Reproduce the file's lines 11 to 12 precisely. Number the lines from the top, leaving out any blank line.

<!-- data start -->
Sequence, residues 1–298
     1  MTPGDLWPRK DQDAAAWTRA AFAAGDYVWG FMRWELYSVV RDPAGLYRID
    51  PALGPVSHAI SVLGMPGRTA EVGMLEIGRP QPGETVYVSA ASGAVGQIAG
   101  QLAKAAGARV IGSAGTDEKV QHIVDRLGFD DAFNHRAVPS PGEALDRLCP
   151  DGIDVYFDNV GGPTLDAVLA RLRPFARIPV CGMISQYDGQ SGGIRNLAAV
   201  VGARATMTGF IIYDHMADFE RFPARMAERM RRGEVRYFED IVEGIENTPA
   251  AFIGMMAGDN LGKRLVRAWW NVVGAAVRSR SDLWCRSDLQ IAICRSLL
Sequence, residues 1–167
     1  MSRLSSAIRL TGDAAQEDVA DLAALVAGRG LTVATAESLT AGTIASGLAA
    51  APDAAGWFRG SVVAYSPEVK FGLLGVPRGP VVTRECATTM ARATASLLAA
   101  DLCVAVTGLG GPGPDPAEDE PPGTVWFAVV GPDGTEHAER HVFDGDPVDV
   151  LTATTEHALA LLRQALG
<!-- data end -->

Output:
   101  DLCVAVTGLG GPGPDPAEDE PPGTVWFAVV GPDGTEHAER HVFDGDPVDV
   151  LTATTEHALA LLRQALG